The Esikhaweni IFP hit squad is active in areas of Zululand, killing UDF/ANC and union supporters and leaders until 1993. From 1991, Khayelitsha and other Cape Town townships see the emergence of anonymous (‘balaclava’) attacks on people aligned with the ANC. Intense competition between taxi operators for ranking facilities and routes escalates from 1991 and acquires a political character in certain areas (over 200 lives are lost in 1992 alone).
1992 In Umlazi on 13 March, eighteen people are killed (including fifteen women and three children). Twenty-eight are injured in an attack on the Uganda squatter settlement.
A whites-only referendum on 17 March gives the government firm support for negotiations – a 68.6% vote for the continuation of the negotiations process.
In the Phola Park killings on 8 April, the SADF’s 32 Battalion shoots dead two women and injures more than a hundred other people during a raid on the Phola Park informal settlement.
In the Boipatong killings on 17 June, two hundred IFP supporters from KwaMadala hostel attack residents of Slovo Park squatter camp, killing over forty-five people. The ANC withdraws from CODESA in protest against the killing and launches a mass action campaign.
The ANC calls a strike on 3-4 August, estimated to have cost business R250 million. The Skweyiya Commission of Enquiry, an internal ANC commission, reveals details in August of human rights violations in ANC detention camps. Nelson Mandela accepts collective responsibility for the leadership of the ANC. In the Bisho killings on 7 September, Ciskei Defence Force troops open fire on ANC protesters demanding free political activity in Ciskei at Bisho. Twenty-nine protesters and one soldier are killed and about 200 are wounded. (This follows months of violent conflicts between homeland government supporters and ANC supporters).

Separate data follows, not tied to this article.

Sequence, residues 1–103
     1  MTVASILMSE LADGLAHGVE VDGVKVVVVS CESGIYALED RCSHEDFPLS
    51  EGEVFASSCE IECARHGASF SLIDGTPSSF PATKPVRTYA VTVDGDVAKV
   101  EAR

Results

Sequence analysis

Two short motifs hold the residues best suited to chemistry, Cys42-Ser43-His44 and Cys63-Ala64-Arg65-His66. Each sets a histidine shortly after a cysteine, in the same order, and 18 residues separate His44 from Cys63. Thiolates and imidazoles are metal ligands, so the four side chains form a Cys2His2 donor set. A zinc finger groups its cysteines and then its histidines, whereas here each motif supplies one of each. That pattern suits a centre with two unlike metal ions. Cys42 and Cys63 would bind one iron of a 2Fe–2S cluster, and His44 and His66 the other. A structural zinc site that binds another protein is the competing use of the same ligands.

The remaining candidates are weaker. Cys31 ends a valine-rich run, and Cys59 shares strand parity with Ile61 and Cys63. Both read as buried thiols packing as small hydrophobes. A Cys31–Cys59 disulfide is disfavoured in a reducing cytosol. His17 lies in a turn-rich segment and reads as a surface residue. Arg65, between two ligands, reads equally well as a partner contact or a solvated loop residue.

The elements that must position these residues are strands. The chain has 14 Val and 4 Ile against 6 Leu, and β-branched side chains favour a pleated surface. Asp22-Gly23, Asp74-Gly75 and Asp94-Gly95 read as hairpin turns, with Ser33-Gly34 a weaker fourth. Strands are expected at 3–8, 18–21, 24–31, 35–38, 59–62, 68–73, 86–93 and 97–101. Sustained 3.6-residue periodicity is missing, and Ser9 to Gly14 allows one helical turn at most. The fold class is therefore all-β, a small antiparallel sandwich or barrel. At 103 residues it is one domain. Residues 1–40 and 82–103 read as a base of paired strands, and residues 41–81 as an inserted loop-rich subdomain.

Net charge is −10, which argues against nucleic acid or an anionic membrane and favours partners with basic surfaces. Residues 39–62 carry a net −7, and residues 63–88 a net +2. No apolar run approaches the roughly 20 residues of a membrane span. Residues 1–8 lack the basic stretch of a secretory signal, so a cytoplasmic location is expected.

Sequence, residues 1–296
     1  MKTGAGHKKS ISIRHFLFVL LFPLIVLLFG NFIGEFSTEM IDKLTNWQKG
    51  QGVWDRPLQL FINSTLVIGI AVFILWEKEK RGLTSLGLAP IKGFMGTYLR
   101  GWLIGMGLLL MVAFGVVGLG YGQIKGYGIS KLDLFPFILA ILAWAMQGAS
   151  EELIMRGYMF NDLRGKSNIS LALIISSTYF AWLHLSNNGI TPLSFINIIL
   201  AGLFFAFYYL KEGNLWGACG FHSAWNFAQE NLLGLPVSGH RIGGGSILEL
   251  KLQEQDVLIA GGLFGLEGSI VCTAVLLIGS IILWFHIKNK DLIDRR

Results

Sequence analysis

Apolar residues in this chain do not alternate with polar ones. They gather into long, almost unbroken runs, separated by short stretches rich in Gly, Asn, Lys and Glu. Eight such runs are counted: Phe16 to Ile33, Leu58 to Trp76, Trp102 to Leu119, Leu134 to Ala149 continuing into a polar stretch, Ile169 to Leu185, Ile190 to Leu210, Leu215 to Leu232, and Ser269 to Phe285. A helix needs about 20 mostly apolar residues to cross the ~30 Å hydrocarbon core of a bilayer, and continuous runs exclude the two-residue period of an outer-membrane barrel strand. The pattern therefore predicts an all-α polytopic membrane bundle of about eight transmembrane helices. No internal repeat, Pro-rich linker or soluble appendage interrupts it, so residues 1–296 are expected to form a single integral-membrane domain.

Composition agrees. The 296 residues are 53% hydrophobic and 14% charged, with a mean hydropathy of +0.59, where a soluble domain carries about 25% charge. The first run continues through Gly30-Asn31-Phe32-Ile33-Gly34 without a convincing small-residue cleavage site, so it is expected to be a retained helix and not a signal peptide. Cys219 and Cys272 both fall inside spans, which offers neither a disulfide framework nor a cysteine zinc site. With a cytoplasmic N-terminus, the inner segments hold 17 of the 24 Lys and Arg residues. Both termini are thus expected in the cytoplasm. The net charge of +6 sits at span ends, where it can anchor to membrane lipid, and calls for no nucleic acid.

On the Natal South Coast, twelve IFP supporters are killed at Bomela in September and twenty at Folweni in October. The state and the ANC sign the Record of Understanding in September.
APLA attacks the King William’s Town golf club in the Eastern Cape in October, killing four and injuring seventeen. The first major attack by APLA, it is followed by other attacks resulting in at least ten deaths in Eastern Cape bars, restaurants and churches.
A Goldstone Commission raid in November uncovers a campaign waged by the Directorate of Covert Collection (DCC) to discredit the ANC. General Pierre Steyn is appointed to investigate Military Intelligence structures and functions.
Project Echo and Operation Thunderstorm, two extensive SADF projects aimed at undermining the ANC, are exposed.
The Internal Stability Unit is created by the SAP to relieve ordinary police of riot duties.
The KwaZulu legislative assembly adopts a constitution for a future state of KwaZulu-Natal as an autonomous state within a federation.
APLA continues armed attacks, including the killing of white farmers.